I think that the issue you have here is that you're trying to bake to a sharp edged cube, which causes problems and is unnecessary. Your rays are projected along your face's normals. If those normals all point the exact same direction, some of them will miss the cube, and some others will move forward, then backwards, then forwards along the cube. Combined, we end up with some bad banding at the edges of our low poly once normal mapped.
With sharp edges, we're just using our face normals. Notice what happens as we reach the edge of the cube: our rays start to hit our bevel, extending out to up to 90 degrees-- and then, where our low poly extends past the borders of the high poly, we don't get anything. Then we move to the next face, and we're actually shooting our rays hitting a spot behind where we just were, discounting the misses.
Whereas on the smooth, our surface normals are interpolated. One side is smoothly connected to the other, so our rays smoothly move across the high poly, and we don't have any discontinuities.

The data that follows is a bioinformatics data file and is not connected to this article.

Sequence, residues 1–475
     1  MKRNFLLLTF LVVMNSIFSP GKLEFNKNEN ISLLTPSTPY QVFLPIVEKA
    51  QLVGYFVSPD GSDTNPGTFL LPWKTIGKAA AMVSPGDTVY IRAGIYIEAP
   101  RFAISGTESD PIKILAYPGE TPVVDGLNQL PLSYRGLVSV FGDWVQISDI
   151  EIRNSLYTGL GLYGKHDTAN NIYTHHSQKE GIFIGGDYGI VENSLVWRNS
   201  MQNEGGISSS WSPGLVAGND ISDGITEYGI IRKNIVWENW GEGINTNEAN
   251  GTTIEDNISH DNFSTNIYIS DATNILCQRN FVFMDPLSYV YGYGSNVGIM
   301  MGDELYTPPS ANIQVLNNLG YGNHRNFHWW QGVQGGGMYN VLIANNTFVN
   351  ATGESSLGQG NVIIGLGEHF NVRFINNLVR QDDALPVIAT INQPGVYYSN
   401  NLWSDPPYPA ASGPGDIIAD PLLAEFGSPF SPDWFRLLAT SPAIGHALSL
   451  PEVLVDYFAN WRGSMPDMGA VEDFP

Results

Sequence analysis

So the answer here is, don't try to bake to a sharp edged cube. You're going to be overwriting its normals with your normal map anyways, so the fact that it's sharp doesn't mean anything useful, it's only screwing up your normal map bake.
What if there was some reason we really, really needed this to be a flat shaded cube? Is there anything we could do? I can't imagine why we'd need that to be the case, but yes, we could. Object space normal maps don't care about the pre-mapped normals. So we could smooth shade the low poly, bake an object space normal map selected-to-active, and then change the low poly to flat shaded, and bake a tangent space normal map for it (not selected to active, just from its own object-space normals.) But that seems like some weird stuff to do for no benefit.